Of all the Saints, Natalie, confident, ballsy, (“Whenever I’m interviewed I’m asked how I juggle work and children — why doesn’t my husband get that?”), is the biggest surprise. There is no sign of the neurotic wreck who screamed when she so much as touched tree bark in the jungle in I’m a Celebrity? “That was embarrassing,” she concedes. “Paranoia took over.” Didn’t Natalie once say that she was tired of being portrayed, along with her sister, as bitches, adding: “If they want a bitch, I’ll give them a bitch”? Natalie shrugs. “I can’t remember that. But if you’re in this industry, and you’re a woman, and you have an opinion, you are a bitch. A man says what he wants and he’s ‘strong’, and they respect that. The way my husband is with work, I would get slammed. They’d think: Oh, she’s strong, she’s got an opinion, she’s a bitch! Women just can’t do it.”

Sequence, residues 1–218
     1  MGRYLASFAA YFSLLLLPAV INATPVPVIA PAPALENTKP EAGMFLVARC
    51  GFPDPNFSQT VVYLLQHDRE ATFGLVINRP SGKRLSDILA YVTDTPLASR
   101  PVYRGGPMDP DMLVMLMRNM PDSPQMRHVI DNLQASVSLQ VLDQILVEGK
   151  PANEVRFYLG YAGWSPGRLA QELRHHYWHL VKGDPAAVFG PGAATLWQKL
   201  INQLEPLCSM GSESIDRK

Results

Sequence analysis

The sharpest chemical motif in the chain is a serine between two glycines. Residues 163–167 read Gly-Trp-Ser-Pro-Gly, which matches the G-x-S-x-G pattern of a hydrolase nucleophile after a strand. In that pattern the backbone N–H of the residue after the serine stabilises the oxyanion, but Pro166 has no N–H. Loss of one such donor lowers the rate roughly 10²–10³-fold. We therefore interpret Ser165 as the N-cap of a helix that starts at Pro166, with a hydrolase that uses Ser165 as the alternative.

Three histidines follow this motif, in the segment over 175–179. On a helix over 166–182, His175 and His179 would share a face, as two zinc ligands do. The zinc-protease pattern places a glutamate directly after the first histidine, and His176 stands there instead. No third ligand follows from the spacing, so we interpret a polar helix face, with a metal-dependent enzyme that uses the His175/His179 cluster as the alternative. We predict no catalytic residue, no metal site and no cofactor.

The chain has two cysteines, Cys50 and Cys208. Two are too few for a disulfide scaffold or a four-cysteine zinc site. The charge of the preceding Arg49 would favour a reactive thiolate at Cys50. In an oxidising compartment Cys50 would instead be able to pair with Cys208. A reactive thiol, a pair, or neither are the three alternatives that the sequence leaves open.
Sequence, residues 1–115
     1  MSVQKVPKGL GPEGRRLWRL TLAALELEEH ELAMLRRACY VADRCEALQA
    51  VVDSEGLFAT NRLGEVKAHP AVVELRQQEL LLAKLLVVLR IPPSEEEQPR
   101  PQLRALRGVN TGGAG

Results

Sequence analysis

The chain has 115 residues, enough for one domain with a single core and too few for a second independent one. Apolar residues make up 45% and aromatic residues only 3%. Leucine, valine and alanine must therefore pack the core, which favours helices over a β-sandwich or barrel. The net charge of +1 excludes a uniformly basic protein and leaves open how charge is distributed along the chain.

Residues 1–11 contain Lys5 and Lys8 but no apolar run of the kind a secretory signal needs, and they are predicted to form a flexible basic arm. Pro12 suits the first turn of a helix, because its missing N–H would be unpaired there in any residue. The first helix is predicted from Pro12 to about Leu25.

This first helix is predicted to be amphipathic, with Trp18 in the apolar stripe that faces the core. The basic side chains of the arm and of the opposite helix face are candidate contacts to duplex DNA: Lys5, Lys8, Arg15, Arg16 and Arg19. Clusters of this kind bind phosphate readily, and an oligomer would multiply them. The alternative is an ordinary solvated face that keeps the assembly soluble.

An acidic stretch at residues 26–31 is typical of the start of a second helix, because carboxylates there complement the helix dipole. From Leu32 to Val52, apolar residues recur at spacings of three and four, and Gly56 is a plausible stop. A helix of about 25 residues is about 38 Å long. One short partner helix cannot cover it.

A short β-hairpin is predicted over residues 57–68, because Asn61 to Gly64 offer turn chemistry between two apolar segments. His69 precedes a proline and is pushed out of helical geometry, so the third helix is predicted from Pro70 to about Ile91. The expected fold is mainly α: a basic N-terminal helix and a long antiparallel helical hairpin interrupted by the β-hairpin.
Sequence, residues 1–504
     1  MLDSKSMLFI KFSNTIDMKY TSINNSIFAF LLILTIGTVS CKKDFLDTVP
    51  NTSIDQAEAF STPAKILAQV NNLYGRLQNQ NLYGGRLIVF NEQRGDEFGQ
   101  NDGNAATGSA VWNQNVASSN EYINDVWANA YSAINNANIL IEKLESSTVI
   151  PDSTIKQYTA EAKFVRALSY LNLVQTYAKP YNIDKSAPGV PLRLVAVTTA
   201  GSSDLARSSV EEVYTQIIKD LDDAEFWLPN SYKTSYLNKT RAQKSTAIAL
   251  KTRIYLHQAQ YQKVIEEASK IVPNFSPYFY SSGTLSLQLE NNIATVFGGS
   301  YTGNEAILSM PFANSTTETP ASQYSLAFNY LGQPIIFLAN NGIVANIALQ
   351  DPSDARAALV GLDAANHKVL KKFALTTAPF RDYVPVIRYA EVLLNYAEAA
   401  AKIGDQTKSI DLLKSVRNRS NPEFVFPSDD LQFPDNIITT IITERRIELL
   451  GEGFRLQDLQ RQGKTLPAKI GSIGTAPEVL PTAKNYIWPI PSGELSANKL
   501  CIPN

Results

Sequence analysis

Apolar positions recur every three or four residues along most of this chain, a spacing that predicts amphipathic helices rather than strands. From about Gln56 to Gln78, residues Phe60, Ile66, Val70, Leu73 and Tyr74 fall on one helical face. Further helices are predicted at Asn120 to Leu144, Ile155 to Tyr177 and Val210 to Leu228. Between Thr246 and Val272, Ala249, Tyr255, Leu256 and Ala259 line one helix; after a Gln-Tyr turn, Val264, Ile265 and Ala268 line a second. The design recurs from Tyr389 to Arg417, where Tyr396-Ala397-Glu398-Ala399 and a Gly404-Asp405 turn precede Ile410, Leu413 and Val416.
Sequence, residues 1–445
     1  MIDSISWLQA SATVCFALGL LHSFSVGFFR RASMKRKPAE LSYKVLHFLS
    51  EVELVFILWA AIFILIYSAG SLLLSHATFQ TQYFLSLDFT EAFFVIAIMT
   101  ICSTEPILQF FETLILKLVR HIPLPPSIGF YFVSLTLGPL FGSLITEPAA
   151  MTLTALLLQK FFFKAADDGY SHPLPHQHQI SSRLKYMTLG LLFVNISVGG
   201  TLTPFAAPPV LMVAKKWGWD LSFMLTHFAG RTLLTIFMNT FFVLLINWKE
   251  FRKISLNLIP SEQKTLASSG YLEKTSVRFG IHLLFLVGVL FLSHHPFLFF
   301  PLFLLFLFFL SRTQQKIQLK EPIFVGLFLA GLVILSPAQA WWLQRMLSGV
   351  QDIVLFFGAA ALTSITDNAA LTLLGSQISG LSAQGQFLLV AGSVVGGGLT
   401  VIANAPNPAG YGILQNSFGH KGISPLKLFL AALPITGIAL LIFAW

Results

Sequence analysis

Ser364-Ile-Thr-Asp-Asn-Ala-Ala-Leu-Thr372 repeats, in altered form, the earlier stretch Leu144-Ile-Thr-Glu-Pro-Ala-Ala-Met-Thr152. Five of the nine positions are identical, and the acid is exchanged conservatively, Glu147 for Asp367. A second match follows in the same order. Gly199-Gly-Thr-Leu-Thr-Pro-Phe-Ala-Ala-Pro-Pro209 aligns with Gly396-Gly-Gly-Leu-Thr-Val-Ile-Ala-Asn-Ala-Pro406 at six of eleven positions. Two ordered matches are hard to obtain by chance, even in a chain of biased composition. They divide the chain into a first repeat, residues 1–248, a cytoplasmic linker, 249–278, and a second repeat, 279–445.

Natalie and Shaznay agree absolutely with Nicole and Mel’s concerns about the rise of Size Zero culture. “My daughter is 14, and she says “Mummy I’m fat”, and she’s not,” says Natalie. “It’s all around now isn’t it?” says Shaznay. “It’s those magazines. They’ll say Beyoncé is amazing, and hasn’t she got a great body, and Charlotte Church isn’t far off and they absolutely hammer her. And I remember once reading a column about somebody saying I had a fat arse. And my arse is smaller than Beyoncé’s is now.” Shaznay sighs: “It’s so sad. Every other magazine is so negative. All that dissing everybody and talking about cellulite. Cellulite has been around since the beginning of time — what’s the big deal? All Saints say, ‘Ladies, love your cellulite’. Well, why not?” smiles Natalie. “If you’re confident in yourself then men like that.”